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How to Kill Johnson Grass Plants

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How to Kill Johnson Grass Plants

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Overview

Johnson grass is an aggressive plant that spreads through large seeds and rhizomes. The rhizomes, or roots, move quickly underground to establish thick areas of the tall perennial. Eradication of this invasive grass proves to be difficult. Burning the plant back or excessive grazing may cause more vigor to the overall establishment of the grass. Perhaps the most problematic areas for the spread of Johnson grass are that in plowed fields. Breaking up the rhizomes will only spread the plant to more areas within the field.

Step 1

Keep the Johnson grass areas mowed to the lowest height possible. Constant mowing will disrupt seed head production. Over time the rhizomes will become weakened and will produce less aboveground portions of the grass. The mowing method may not kill all of the Johnson grass, but it will weaken it substantially to apply a post-emergent herbicide.

Step 2

Mix a glyphosate herbicide with one part chemical to two parts water.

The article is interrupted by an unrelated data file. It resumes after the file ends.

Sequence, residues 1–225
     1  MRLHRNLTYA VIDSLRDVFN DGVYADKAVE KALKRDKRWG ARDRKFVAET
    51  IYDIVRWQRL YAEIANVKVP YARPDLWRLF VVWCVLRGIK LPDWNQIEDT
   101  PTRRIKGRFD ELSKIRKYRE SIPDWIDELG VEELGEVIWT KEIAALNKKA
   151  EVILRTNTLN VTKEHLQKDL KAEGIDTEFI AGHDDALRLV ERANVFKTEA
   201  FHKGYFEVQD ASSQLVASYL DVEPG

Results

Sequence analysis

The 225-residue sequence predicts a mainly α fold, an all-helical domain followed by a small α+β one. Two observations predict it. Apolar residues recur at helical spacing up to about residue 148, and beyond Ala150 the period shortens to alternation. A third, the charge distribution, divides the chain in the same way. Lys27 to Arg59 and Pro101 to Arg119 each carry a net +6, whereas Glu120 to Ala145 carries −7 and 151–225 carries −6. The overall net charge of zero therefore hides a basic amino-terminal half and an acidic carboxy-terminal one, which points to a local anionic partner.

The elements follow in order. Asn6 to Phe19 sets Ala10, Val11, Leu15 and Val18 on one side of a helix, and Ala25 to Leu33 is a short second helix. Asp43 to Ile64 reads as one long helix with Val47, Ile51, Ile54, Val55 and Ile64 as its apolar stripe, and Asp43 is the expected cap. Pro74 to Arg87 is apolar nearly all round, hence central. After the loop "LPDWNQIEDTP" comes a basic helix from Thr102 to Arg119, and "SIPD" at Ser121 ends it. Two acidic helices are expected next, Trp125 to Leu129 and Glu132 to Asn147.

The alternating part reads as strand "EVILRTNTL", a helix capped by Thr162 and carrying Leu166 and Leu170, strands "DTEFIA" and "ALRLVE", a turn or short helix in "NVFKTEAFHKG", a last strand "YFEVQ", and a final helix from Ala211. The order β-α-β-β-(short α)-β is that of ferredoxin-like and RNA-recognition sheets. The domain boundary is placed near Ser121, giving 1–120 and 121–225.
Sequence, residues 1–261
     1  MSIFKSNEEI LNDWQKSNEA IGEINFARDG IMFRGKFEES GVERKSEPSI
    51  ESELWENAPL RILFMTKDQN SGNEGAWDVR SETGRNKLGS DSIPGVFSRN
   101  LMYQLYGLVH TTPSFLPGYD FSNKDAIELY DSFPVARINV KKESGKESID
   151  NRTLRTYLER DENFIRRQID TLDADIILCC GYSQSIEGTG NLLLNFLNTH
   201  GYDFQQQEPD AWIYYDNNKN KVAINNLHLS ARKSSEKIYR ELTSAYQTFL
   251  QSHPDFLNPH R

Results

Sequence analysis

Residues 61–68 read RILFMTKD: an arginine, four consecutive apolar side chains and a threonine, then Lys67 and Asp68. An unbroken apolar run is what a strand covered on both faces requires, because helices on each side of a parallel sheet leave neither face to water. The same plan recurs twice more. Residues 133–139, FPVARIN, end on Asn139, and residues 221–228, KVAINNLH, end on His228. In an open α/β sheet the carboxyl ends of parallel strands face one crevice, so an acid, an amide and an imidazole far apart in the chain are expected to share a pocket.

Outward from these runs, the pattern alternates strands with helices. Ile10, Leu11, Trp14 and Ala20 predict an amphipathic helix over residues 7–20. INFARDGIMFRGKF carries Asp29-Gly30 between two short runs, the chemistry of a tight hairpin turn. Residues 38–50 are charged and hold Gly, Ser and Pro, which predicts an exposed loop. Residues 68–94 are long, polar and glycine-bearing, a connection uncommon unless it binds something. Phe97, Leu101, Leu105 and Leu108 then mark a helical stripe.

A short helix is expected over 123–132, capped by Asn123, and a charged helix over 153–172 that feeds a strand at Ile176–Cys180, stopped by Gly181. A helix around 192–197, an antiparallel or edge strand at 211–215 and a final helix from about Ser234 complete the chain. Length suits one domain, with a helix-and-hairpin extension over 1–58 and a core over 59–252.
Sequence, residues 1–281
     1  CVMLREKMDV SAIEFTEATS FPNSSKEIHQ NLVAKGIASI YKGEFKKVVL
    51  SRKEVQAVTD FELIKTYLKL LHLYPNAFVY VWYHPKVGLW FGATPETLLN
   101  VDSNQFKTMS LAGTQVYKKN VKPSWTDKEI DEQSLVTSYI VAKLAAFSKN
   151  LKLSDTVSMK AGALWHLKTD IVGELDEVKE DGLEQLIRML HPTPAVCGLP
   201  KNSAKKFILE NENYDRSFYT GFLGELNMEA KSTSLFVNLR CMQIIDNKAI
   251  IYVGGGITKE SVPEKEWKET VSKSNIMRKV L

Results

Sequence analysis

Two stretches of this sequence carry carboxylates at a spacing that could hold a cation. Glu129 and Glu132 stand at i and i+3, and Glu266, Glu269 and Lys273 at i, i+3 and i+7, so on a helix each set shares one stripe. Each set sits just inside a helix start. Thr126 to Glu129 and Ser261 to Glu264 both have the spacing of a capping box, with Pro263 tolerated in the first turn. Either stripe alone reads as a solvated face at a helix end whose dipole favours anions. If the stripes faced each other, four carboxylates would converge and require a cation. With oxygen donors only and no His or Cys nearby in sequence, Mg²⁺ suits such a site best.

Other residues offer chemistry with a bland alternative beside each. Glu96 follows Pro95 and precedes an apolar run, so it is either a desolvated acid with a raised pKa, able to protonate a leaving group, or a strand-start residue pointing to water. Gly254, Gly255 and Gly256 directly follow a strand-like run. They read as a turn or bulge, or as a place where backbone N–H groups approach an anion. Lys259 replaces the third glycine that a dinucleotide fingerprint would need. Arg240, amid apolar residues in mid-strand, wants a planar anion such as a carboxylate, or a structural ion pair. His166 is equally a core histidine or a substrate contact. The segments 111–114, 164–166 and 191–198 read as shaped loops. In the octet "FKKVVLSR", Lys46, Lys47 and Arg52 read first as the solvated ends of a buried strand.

Step 3

Apply the herbicide in the heavy concentration using a rope wick applicator. The rope wick will allow for spot treatment of the individual blades of Johnson grass.

Step 4

Cultivate the Johnson grass areas 10 days after chemical application. The herbicide-weakened plant maybe easier to kill by exposing the dying rhizomes.

Tips and Warnings

  • Consult your local agricultural extension service for herbicides that can be utilized for a pre-emergent treatment. Not all herbicides may be legal in your climate or area. Exercise caution when applying any chemical to the soil. Excessive run off may cause adverse effects to aquatic plants and wildlife. Keep children and animals from areas that have been treated with any type of agricultural spray or chemical.

Things You'll Need

  • Mower
  • Glyphosate herbicide
  • Water
  • Rope wick applicator
  • Cultivator

References

  • Missouri Extension Service: Johnson Grass Control
  • University of Illinois: Johnson Grass
Keywords: weeds rhizome, rhizome roots, tall grass

About this Author

G. K. Bayne is a freelance writer, currently writing for Demand Studios where her expertise in back-to-basics, computers and electrical equipment are the basis of her body of work. Bayne began her writing career in 1975 and has written for Demand since 2007.